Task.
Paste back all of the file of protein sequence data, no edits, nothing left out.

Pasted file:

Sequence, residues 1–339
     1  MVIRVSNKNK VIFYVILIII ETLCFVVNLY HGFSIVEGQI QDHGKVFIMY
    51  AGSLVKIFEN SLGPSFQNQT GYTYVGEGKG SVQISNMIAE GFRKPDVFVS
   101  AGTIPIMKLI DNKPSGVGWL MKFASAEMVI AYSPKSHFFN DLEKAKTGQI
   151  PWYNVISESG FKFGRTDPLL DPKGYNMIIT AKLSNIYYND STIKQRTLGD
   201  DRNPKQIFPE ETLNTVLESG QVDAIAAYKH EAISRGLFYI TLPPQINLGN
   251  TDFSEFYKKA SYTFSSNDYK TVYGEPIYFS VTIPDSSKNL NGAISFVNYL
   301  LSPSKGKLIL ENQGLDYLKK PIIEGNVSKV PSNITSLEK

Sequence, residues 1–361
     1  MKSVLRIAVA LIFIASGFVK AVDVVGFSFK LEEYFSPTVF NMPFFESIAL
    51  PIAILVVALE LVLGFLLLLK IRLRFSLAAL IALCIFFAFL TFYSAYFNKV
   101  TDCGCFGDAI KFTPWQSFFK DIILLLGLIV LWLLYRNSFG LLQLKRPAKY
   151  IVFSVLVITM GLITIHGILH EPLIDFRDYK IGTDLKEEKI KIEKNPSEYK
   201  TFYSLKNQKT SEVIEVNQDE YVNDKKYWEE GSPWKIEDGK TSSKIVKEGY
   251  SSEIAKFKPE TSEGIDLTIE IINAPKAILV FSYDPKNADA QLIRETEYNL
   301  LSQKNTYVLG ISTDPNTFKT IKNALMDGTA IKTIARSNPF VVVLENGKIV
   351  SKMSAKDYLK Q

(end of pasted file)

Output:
Sequence, residues 1–339
     1  MVIRVSNKNK VIFYVILIII ETLCFVVNLY HGFSIVEGQI QDHGKVFIMY
    51  AGSLVKIFEN SLGPSFQNQT GYTYVGEGKG SVQISNMIAE GFRKPDVFVS
   101  AGTIPIMKLI DNKPSGVGWL MKFASAEMVI AYSPKSHFFN DLEKAKTGQI
   151  PWYNVISESG FKFGRTDPLL DPKGYNMIIT AKLSNIYYND STIKQRTLGD
   201  DRNPKQIFPE ETLNTVLESG QVDAIAAYKH EAISRGLFYI TLPPQINLGN
   251  TDFSEFYKKA SYTFSSNDYK TVYGEPIYFS VTIPDSSKNL NGAISFVNYL
   301  LSPSKGKLIL ENQGLDYLKK PIIEGNVSKV PSNITSLEK

Sequence, residues 1–361
     1  MKSVLRIAVA LIFIASGFVK AVDVVGFSFK LEEYFSPTVF NMPFFESIAL
    51  PIAILVVALE LVLGFLLLLK IRLRFSLAAL IALCIFFAFL TFYSAYFNKV
   101  TDCGCFGDAI KFTPWQSFFK DIILLLGLIV LWLLYRNSFG LLQLKRPAKY
   151  IVFSVLVITM GLITIHGILH EPLIDFRDYK IGTDLKEEKI KIEKNPSEYK
   201  TFYSLKNQKT SEVIEVNQDE YVNDKKYWEE GSPWKIEDGK TSSKIVKEGY
   251  SSEIAKFKPE TSEGIDLTIE IINAPKAILV FSYDPKNADA QLIRETEYNL
   301  LSQKNTYVLG ISTDPNTFKT IKNALMDGTA IKTIARSNPF VVVLENGKIV
   351  SKMSAKDYLK Q